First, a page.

Um, Hillary, Whiskey Tango Hotel?
Or to put this in family-newspaper terms, what the heck was the Democratic presidential nominee thinking, trying to keep secret that she had pneumonia?
And to build on that query, is there anyone in Clinton's campaign circle who has the stature, standing, and confidence to say: Hillary, you're making a big mistake. Or: You just can't do that. Or: You'll be leaning into a right jab there, reinforcing the GOP narrative that you're a liar and a sneak.
Just think if someone had been able to play Dutch uncle (or aunt) in this case. After her Friday morning diagnosis, she could have skipped her Friday evening fund-raiser where she made her "basket of deplorables" comment. (A general campaign rule: Don't run down your opponent's supporters, even if some do seem a little Brueghelian.) And she could have begged off attending the Sept. 11 ceremony, where she staggered and nearly collapsed, avoiding both the dramatic video clip and the campaign's dissembling about the candidate feeling overheated.
In short, honesty and disclosure really would have been the best political policy.
Now, none of this should prove fatal to her candidacy. But as one nervous Democrat puts it: "There are just too many mistakes. She has got to do better."
But is there anyone in her campaign circle who can intercede when Clinton's instincts are bad? When I put my query to the Clinton communications folks, spokesman Brian Fallon offered this creative spin: The last couple of days showed there are such people. Even after her health incident, Clinton had wanted to forge ahead with a trip to California, but "the campaign staff urged her to heed her doctor's advice and . . . take a couple days to rest."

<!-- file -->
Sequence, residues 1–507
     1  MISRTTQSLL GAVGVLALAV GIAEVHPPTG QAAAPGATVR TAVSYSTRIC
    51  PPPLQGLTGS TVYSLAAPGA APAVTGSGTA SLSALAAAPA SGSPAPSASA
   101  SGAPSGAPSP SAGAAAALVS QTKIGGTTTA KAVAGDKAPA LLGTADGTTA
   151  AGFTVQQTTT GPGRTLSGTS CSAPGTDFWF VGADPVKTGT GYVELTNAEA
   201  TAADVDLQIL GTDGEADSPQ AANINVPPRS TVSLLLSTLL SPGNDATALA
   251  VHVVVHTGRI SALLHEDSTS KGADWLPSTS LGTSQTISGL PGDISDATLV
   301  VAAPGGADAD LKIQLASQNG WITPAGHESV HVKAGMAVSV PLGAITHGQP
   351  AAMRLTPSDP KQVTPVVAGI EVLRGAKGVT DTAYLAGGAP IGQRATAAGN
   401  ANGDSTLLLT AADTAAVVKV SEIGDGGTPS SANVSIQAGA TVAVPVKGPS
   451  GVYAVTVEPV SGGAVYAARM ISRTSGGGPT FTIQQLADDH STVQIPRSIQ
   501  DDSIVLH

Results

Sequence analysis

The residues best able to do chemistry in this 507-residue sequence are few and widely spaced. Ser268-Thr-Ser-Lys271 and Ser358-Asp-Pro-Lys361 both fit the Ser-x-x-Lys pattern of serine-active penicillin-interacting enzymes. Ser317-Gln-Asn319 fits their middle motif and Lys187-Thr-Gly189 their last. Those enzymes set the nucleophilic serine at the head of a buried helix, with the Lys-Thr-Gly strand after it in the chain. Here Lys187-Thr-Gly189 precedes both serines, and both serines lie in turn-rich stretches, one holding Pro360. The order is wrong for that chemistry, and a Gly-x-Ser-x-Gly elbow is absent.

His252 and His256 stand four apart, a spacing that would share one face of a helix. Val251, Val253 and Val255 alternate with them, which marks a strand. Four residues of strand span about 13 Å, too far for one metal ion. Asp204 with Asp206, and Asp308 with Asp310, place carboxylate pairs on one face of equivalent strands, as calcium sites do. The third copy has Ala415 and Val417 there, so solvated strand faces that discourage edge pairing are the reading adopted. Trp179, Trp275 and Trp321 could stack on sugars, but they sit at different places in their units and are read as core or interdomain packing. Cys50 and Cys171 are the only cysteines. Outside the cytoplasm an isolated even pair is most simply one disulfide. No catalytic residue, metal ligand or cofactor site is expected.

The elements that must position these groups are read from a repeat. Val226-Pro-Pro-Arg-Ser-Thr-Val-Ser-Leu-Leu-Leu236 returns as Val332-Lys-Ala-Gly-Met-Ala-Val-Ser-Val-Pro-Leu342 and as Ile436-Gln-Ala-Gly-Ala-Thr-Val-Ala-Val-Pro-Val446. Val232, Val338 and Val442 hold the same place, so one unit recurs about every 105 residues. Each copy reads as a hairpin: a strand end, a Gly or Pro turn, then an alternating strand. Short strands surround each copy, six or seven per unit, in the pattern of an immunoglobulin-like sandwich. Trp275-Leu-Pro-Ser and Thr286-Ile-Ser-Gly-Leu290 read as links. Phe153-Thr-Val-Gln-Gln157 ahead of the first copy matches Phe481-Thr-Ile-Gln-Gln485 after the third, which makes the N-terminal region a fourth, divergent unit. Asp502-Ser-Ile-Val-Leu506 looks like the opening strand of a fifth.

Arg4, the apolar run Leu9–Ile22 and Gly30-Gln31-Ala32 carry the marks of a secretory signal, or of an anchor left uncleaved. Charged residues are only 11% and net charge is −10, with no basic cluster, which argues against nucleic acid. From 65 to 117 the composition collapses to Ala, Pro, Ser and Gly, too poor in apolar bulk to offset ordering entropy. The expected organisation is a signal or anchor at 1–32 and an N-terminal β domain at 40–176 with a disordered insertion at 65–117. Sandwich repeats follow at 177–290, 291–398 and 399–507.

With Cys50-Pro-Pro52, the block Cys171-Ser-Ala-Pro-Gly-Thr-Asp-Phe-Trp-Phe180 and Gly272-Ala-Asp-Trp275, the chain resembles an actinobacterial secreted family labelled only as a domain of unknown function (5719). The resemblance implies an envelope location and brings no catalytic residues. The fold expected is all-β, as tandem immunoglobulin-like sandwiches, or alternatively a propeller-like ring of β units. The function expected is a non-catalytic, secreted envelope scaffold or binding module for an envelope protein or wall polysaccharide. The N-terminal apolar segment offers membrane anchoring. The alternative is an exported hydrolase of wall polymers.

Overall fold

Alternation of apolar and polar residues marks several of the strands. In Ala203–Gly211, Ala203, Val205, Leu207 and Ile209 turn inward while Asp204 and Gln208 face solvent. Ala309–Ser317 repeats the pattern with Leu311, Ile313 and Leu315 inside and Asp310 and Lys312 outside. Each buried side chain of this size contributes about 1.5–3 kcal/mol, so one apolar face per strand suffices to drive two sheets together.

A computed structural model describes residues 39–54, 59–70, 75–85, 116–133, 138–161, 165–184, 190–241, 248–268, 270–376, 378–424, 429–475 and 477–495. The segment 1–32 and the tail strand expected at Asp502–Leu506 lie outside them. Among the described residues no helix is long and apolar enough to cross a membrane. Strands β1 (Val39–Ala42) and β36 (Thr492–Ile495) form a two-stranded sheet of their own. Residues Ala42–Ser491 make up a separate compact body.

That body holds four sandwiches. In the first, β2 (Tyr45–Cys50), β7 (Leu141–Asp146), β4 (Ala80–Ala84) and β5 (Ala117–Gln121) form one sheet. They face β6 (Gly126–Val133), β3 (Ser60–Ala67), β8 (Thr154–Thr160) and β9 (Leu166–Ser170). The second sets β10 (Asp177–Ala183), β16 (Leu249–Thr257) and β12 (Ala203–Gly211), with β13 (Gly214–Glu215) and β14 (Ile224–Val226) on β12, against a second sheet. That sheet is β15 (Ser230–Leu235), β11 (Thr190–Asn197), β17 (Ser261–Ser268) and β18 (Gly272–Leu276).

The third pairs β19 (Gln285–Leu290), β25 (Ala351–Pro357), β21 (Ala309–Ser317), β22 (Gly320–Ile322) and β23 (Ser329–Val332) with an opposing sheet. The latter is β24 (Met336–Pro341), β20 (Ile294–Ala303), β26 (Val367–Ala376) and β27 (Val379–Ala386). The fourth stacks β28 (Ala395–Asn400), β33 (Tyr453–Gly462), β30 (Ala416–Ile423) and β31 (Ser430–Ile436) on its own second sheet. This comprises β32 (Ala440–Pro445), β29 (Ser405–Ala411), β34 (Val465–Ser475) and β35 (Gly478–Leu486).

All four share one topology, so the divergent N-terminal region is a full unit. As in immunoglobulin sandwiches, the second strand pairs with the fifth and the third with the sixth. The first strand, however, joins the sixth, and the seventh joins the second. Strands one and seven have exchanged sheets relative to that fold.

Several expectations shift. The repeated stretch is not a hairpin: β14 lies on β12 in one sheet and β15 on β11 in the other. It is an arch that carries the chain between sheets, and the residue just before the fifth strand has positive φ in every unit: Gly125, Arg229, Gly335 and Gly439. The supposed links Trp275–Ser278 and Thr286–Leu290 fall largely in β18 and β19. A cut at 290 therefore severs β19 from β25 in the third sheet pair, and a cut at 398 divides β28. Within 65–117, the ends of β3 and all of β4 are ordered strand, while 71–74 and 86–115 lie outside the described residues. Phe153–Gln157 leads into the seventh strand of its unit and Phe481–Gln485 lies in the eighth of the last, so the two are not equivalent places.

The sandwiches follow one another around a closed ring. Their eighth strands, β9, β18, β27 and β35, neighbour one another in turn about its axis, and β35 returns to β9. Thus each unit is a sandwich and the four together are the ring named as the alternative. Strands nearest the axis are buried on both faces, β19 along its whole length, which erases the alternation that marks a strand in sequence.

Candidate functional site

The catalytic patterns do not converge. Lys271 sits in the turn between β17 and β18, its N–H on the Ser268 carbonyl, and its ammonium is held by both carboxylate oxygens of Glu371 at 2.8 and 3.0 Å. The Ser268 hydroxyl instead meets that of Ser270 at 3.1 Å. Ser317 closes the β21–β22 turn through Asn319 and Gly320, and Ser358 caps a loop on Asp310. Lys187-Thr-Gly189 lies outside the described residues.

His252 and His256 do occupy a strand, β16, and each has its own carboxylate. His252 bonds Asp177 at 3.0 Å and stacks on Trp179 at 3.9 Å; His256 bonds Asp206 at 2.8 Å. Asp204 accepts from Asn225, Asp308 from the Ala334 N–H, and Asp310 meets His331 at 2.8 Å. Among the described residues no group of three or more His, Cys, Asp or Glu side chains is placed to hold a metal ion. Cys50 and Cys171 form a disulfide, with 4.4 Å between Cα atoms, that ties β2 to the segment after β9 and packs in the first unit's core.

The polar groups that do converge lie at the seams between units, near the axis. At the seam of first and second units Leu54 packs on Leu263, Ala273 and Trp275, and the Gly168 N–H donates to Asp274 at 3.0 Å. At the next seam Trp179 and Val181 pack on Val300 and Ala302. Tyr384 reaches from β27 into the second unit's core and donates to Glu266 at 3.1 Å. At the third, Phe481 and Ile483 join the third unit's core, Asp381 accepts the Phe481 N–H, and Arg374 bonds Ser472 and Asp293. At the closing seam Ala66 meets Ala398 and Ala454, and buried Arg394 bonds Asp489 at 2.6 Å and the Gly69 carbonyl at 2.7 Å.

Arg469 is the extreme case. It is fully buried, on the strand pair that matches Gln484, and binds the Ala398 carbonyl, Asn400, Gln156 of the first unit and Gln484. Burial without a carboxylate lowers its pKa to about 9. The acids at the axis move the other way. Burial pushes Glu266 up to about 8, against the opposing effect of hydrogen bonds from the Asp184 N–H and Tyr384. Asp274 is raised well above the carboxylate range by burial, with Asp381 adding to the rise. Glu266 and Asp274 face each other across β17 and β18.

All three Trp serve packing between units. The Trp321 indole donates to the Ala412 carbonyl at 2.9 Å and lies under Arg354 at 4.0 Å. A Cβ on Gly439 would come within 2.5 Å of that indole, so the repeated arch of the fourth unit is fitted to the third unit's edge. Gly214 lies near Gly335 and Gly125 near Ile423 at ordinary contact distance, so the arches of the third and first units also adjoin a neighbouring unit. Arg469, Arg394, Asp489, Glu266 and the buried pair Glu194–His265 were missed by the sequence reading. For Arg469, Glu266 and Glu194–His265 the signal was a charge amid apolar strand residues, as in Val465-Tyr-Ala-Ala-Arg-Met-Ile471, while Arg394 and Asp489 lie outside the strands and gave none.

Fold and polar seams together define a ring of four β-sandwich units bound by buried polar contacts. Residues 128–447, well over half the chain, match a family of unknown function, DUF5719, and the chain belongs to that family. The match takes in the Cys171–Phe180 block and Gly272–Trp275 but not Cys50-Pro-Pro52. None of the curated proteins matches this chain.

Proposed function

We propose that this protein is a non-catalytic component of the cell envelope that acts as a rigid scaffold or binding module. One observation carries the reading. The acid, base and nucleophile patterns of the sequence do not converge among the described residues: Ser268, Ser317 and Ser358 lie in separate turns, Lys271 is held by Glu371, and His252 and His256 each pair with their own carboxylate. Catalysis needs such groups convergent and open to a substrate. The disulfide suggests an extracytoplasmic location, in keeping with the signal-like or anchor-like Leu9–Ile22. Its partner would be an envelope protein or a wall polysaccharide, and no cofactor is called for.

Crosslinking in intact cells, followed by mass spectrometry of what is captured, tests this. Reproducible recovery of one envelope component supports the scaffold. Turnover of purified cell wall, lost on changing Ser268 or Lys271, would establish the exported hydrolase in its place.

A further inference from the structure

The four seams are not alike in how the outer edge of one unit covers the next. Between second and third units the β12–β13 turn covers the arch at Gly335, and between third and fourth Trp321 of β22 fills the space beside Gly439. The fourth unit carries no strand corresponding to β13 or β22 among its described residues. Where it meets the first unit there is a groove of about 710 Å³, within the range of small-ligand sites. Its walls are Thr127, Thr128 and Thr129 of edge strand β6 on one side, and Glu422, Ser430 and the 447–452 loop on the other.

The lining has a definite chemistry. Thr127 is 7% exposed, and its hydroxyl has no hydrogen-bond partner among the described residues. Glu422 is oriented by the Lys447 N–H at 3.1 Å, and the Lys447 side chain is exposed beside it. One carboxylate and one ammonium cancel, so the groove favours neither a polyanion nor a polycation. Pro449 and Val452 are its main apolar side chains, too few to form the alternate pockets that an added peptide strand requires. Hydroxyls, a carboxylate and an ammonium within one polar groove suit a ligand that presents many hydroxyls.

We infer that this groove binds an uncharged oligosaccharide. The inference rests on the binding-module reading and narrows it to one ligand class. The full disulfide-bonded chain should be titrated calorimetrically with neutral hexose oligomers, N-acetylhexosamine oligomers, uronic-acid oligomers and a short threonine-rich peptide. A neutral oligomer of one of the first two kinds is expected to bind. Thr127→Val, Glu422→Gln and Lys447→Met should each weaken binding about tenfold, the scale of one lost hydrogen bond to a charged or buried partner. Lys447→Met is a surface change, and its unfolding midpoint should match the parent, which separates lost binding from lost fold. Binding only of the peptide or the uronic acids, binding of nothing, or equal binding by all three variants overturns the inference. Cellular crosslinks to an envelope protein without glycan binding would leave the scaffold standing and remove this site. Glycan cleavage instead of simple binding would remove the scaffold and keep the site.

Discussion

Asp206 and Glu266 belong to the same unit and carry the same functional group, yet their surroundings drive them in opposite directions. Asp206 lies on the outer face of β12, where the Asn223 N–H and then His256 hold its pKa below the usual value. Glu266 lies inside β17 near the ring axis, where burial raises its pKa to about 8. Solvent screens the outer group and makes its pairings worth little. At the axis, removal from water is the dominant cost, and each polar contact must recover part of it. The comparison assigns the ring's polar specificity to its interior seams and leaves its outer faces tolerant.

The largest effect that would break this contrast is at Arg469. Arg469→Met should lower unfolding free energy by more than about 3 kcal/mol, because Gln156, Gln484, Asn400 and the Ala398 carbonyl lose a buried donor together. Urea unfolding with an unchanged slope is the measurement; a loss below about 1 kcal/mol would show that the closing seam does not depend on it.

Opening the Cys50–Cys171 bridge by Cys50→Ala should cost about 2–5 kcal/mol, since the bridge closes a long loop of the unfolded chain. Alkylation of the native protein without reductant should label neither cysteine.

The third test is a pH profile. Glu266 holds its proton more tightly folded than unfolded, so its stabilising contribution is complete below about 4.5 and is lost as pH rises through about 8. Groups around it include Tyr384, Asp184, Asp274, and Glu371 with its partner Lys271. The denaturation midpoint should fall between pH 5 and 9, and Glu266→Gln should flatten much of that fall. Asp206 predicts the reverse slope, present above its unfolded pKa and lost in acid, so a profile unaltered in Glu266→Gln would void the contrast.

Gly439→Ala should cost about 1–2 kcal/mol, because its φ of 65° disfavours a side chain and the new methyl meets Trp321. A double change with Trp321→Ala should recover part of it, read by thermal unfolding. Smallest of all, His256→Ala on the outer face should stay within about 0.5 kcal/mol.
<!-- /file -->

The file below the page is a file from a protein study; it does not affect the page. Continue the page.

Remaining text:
Now back to the real world. As we've learned from her State Department e-mails, Clinton attracts staffers more likely to offer fluffy compliments than tough critiques. That's true here, too. Gatekeeper Huma Abedin is more surrogate daughter than tough-love sister. Campaign manager Robby Mook is a skilled operative, but hardly the guy to deliver a blunt message. Long-time confidant Cheryl Mills appears much more an enabler than a check on Clinton's worst instincts.
As longtime Clinton observers run through the names, they usually arrive at the same formulation: maybe John Podesta. Podesta, 67, is the gnomic veteran of Bill Clinton's administration, founder of the liberal think tank Center for American Progress, and an adviser to Barack Obama who now serves as Clinton's campaign chairman.
"He is head and shoulders above anybody else on that team in terms of his toughness and willingness to tell hard truths," says former Democratic National Committee chairman Steve Grossman.
Clinton needs to hear those. This campaign has highlighted the lopsided nature of her skills. She is bright, works hard, has an encyclopedic knowledge of policy, and has put together a series of mostly realistic, reasonably affordable plans.
But she is also prone to committing unforced errors. Her private e-mail server is, of course, Exhibit A. Now, anyone with reasonable knowledge of (1) the law and (2) prosecutorial pattern should have known her carelessness didn't constitute a criminal offense. Still, by indulging her penchant for control and convenience, Clinton handed her foes a cudgel to use against her. And by long resisting calls for an apology and a fuller accounting, she made things worse. That's one big reason why she's currently wearing the "untrustworthy" albatross around her neck. She's lucky indeed to be running against a candidate as unpalatable as Donald Trump.
Even as she deals with the fallout from that lingering controversy, her secrecy around her illness and her Sunday stumble from pneumonia have made her health a huge story.
In short, she badly needs to hear a second opinion on some of her clueless, counterproductive zone-of-privacy decisions.
Paging Dr. Podesta.